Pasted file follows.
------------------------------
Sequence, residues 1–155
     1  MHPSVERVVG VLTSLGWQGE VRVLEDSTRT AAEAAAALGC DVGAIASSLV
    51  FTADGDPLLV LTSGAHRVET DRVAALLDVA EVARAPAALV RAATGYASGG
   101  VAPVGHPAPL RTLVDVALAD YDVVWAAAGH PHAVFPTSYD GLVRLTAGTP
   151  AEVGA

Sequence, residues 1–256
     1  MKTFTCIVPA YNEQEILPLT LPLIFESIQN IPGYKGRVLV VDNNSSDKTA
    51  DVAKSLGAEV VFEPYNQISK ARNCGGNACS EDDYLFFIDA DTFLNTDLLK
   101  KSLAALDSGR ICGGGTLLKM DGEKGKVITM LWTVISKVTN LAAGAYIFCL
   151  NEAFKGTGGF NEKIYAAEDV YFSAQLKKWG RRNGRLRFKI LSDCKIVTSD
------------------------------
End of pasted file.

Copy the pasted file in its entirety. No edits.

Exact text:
Sequence, residues 1–155
     1  MHPSVERVVG VLTSLGWQGE VRVLEDSTRT AAEAAAALGC DVGAIASSLV
    51  FTADGDPLLV LTSGAHRVET DRVAALLDVA EVARAPAALV RAATGYASGG
   101  VAPVGHPAPL RTLVDVALAD YDVVWAAAGH PHAVFPTSYD GLVRLTAGTP
   151  AEVGA

Sequence, residues 1–256
     1  MKTFTCIVPA YNEQEILPLT LPLIFESIQN IPGYKGRVLV VDNNSSDKTA
    51  DVAKSLGAEV VFEPYNQISK ARNCGGNACS EDDYLFFIDA DTFLNTDLLK
   101  KSLAALDSGR ICGGGTLLKM DGEKGKVITM LWTVISKVTN LAAGAYIFCL
   151  NEAFKGTGGF NEKIYAAEDV YFSAQLKKWG RRNGRLRFKI LSDCKIVTSD